The Irish are no strangers to some epic April Fools Day pranks!

The Irish are known for their wit and sense of humor but also for their love of practical jokes. Who better to turn to than the Irish when April Fool's Day is upon us!

Over the years the Irish have pulled off some pretty famous and hilarious gags. Some of the stories have been passed down from generation to generation and some have gone viral.

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Traditionally in Ireland, all pranks must end at midday on April Fools Day. In Ireland, there's a comeback rhyme to use if you're pranked after noon: "April fools is dead and gone. You're the fool for carrying on."

However, if you're from the United States or elsewhere, feel free to prank all day!

Here are a couple of brilliant Irish practical jokes pulled off with panache: 

The Independent and Caravaggio

In July 2003, the Irish Independent newspaper reported that Italian Prime Minister Silvio Berlusconi had slammed the Irish Government and demanded the return of Caravaggio's painting "The Taking of Christ" which is housed in the National Gallery, Dublin.

However, this wasn't true. It seems that The Independent hadn't taken into account the fact that it was April 1 when they picked the story up from a popular website P45.net. While the story made the front page of the newspaper, four weeks later they apologized for their mistake.

The Irish Times, Euro Disney, and Lenin

Back in 1995, The Irish Times reported that the Disney Corporation was in negotiation with the Russian government to purchase the body of communist leader Vladimir Ilyich Lenin for the Euro Disney theme park where it would be given the "full Disney treatment."

The report said Disney planned to display the embalmed leader's body "under stroboscopic lights which will tone up the pallid face while excerpts from President Reagan's 'evil empire' speech will be played in quadraphonic sound."

Lenin t-shirts would be sold and Disney anticipated that it would attract a great number of visitors.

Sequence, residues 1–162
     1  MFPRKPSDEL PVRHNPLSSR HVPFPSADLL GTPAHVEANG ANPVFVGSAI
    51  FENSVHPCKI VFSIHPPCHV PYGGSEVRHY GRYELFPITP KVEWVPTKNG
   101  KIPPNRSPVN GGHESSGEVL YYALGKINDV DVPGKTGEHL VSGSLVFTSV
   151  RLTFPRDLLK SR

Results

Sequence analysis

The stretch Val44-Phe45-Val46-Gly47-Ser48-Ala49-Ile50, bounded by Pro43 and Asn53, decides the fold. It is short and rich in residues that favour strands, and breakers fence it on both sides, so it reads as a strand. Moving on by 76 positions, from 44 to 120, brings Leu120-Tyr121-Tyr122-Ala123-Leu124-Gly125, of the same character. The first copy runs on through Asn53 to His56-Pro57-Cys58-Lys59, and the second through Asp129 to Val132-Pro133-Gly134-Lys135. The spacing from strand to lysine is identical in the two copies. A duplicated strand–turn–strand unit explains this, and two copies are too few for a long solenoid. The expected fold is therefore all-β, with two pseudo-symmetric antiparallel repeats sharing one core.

They said that the Russians were in agreement with the sale of the body while liberal groups wanted to keep his mausoleum empty "to symbolize the 'emptiness of the Communist system.'"

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The Train to Drogheda

In the last week of March 1844, placards appeared around Dublin which advertised free train rides to Drogheda, Co Louth on April 1 for anybody who wanted them,

The placards said that the free ride would include a return ticket. On April 1, a large crowd gathered in the station. As the train approached they surged forward. The people were attempting to get on the train to nab their free seats when the conductors and staff told them there were no free rides.

A riot broke out. The next day newspapers reported, "The laborers on the road supported the overseers—the victims fought for their places, and the melee was tremendous."

On April 2, a number of people went to the police station to lodge complaints but their complaints were dismissed "in honor of the day."

Wikipedia Scammer

“One could say my life itself has been one long soundtrack. Music was my life, music brought me to life, and music is how I will be remembered long after I leave this life. When I die there will be a final waltz playing in my head and that only I can hear…”

These were the words of French composer Maurice Jarre, which were published and republished in various obituaries in newspapers and blogs around the world when he died in March 2009.

However, shortly afterward, it emerged that Jarre had never said these words. They were, in fact, the work of Dublin student Shane Fitzgerald who had posted the quote on his Wikipedia page as an experiment.

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 * Originally published in 2011, updated in March 2020.

What are some of your favorite April Fools Day pranks? Let us know in the comments!